FAQs

Single-Payer FAQ’s

One Payer - One Policy Simply put, single-payer is health insurance. A public agency organizes all healthcare financing. Delivery of care remains private. The confusion of thousands of insurance policies, manuals, and uncertainties about coverage will be ended.  A single-payer system could eliminate deductibles, co-pays, and out-of-pocket expenses (at the point of care), while providing healthcare for all Americans.

Savings anticipated in the US: $504 billion a year.

All Americans would be covered for all medically necessary services. Patients would regain choice of doctor and hospital, and doctors would regain autonomy over patient care.

Americans spend over twice as much per capita on health care as the average developed country.


Q?

How will it be funded?

A.

First, recognize that approximately 50% of US healthcare is currently funded through taxes – and 50% through business and household pockets.

A single-payer system would be financed through a transfer of money that Americans and the country’s employers currently pay insurance companies. The premiums we and employers now pay insurers would be transferred to a federal program, which would be the single-payer for health care services. The cost to all of us – either through taxes or out-of-pocket expenses goes way down, with savings of over $700 billion per year, including negotiation for prescription drugs, a unified fee schedule, and greatly reduced administrative expense.

It’s important to keep in mind that approximately 50% of U.S. healthcare is currently publicly financed.

Q?

What will be covered?

A.

All medically necessary care would be funded through the single-payer system, including doctor visits, hospital care, prescriptions, mental health services, nursing home care, rehabilitation services, home care, vision, and dental. Alternative care that is proven effective in clinical trials would also be covered.

Q?

How will we keep drug prices under control?

A.

When all patients are under one payment system, the payer wields a much more clout. The VA gets a 40% discount on drugs because of its buying power.
With a single-payer system, the ability to negotiate drug prices will once again be part of the American healthcare system.These savings will be passed on to consumers.

Q?

How does single-payer affect doctors and hospitals?

A.

Single-payer eliminates the need for hospitals to absorb the cost of charity care for the uninsured because everyone is insured. Single-payer also reduces needless administrative expenses and bureaucracy, substantially lowering costs.

Q?

Won’t this just be another bureaucracy?

A.

The United States has the most bureaucratic healthcare system in the world – with 30-35% of every healthcare dollar going to paperwork and overhead. Our current system is extremely complex and fragmented due to the thousands of different insurance plans.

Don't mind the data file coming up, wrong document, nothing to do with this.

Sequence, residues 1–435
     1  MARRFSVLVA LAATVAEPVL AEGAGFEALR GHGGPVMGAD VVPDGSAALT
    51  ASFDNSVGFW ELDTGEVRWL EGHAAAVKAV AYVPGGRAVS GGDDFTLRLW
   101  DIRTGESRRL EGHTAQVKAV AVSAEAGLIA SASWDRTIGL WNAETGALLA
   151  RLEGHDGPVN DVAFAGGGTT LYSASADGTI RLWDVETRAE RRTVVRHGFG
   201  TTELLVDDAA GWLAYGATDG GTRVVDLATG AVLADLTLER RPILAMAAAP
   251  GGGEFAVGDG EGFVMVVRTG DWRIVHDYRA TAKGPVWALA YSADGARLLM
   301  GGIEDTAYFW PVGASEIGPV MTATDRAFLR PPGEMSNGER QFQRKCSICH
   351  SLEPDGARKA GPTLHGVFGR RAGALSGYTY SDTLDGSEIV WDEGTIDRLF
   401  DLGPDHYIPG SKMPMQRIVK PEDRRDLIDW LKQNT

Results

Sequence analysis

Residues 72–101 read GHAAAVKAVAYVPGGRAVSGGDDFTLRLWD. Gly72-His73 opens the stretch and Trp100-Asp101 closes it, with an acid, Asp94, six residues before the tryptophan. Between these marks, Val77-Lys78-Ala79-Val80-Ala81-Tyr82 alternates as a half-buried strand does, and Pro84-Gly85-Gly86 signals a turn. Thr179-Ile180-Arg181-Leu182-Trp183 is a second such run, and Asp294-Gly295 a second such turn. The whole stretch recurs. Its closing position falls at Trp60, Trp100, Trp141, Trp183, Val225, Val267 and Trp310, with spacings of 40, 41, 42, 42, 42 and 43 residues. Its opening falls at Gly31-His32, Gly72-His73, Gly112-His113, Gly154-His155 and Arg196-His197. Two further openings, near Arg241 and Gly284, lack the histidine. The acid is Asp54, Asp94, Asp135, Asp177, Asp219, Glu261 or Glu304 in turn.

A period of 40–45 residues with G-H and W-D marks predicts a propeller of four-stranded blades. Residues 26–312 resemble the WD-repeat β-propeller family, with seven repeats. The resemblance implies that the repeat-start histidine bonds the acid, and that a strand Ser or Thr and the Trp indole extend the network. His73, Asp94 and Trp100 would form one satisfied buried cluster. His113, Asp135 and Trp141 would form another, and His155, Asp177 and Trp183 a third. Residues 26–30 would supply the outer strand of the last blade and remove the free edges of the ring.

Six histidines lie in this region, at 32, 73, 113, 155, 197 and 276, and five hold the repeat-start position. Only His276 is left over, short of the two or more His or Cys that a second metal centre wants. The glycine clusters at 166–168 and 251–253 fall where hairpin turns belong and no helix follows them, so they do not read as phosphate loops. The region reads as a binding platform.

In a single-payer system, the bureaucratic burden would be cut in half, resulting in $500 billion in net savings for America.

Q?

Who will run the healthcare system?

A.

There is a myth that with national health insurance the government will make medical decisions. In a publicly financed, universal health care system, healthcare delivery is private, not government owned. Medical decisions are left to patients and doctors, as they should be. This is true in countries like Canada, Germany, France and Spain where financing is public and delivery of care remains private. Cost containment measures are publicly managed. The total budget for healthcare is set through a public, democratic process, while clinical decisions remain a private matter between doctor and patient.

Q?

Is single-payer job-based?

A.

No. A single-payer universal system frees you from job-based insurance and frees employees from spending ever-increasing amounts on healthcare. Coverage is not tied to employment.

Q?

Won’t this raise my taxes?

A.

The nickel-and-dime system of co-pays, deductibles, and out-of-pocket expenses will be eliminated. This could be replaced by employer payroll tax and individual flat tax similar to the current Medicare system, or the U.S. or state government could sell insurance. For 90% of Americans (both employers and employees), healthcare costs would be decreased.

Q?

Are there advantages for school districts and municipalities?

A.

Many school districts and municipalities would see the cost for healthcare drop substantially. Public employers could save up to 25-50% of current costs, in some cases changing municipal deficits into surplus. These savings could greatly reduce many indirect costs, including property and school taxes.

Q?

Is Single-Payer Socialized Medicine?

A.

No. Socialized medicine is a system in which doctors are government employees and hospitals are government owned – the Veteran’s Administrations (VA) and the Armed Services hospitals are good examples of this system. In a single-payer system, the financing is public while the delivery of care remains private.

The term “Socialized Medicine” is often used as a scare tactic to conjure up images of government bureaucratic interference in medical care. In fact, with a single-payer system, there will be more individual choice and freedom for both patients and medical professionals.

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